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"Listen with care to this now, and a god will arm your mind. Square in your ship's path are sirens."
"Crying beauty to bewitch men coasting by; woe to the innocent who hears that sound!"
"He will not see his lady nor his children in joy, crowding about him, home from sea; the sirens will sing his mind away."
At dawn, Odysseus and his men continue their journey. Odysseus decides to tell the men only of Circe's warning about the sirens, whom they will soon encounter. He is fairly sure that they can survive this peril if he keeps their spirits up. Suddenly the wind stops.
I carved a massive cake of beeswax into bits and rolled them until they softened - no long task, for a burning heat came down from Helios, lord of high noon.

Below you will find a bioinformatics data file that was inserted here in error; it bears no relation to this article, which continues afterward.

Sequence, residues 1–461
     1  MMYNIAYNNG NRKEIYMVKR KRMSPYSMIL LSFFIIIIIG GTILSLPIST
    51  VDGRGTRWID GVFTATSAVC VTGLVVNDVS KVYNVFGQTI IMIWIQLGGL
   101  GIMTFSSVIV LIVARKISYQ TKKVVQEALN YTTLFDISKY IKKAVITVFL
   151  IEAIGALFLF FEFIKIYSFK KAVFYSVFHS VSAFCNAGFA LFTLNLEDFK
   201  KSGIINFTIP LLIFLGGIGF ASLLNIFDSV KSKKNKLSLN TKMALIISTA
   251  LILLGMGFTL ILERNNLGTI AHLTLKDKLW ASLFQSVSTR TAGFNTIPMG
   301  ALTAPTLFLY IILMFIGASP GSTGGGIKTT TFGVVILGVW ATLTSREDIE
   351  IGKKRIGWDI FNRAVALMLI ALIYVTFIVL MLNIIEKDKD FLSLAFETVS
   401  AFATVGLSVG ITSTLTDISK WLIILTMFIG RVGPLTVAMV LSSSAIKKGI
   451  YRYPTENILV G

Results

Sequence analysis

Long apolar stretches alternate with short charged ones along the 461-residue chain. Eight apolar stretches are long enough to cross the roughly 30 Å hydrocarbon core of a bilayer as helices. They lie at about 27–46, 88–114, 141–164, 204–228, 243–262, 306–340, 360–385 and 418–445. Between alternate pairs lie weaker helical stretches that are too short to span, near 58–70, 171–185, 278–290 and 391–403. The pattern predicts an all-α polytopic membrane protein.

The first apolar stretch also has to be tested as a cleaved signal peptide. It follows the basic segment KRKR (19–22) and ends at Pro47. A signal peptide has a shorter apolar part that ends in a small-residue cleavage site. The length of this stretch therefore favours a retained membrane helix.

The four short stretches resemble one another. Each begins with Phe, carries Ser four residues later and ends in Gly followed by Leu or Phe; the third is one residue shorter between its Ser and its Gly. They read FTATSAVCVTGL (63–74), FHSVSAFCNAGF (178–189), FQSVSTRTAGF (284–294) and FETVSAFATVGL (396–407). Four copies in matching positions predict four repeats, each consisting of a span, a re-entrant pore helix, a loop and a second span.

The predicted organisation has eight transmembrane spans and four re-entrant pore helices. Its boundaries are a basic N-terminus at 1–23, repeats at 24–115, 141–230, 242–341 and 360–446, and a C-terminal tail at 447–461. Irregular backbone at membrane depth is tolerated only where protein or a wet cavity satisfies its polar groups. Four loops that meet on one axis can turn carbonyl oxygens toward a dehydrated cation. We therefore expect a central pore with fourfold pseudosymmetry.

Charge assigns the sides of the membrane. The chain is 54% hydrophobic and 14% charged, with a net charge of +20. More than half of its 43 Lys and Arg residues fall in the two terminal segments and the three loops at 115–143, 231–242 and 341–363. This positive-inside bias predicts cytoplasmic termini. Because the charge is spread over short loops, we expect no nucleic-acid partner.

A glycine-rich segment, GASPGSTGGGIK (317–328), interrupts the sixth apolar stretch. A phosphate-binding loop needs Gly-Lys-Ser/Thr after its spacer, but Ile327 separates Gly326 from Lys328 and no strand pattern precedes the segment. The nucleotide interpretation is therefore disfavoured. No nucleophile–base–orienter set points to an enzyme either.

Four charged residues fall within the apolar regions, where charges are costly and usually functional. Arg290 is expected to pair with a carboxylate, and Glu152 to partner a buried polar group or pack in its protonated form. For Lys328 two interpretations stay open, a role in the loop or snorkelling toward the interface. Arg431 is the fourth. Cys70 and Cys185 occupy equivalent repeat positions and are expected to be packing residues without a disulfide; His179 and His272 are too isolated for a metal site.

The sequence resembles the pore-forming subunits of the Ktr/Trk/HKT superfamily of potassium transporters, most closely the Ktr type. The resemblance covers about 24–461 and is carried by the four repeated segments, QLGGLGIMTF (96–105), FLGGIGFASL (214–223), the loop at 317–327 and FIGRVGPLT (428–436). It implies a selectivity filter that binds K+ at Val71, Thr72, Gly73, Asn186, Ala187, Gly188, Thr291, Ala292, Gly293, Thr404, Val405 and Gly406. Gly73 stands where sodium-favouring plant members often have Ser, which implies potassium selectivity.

Going forward I carried wax along the line, and laid it thick on their ears.
They tied me up, then, plump amidships, back to the mast , lashed to the mast, and took themselves again to rowing.
The lovely voices in ardor appealing over the water made me crave to listen, and I tried to say, "Untie me!" to the crew, jerking my brows;but they bent steady to the oars.
Then Perimedes got to his feet, he and Eurylochus, and passed more line about, to hold me still.
So all rowed on, until the sirens dropped under the sea rim, and their singing dwindled away. my faithful company rested on their oars now, peeling off the wax that I had laid thick on their ears; then set me free.
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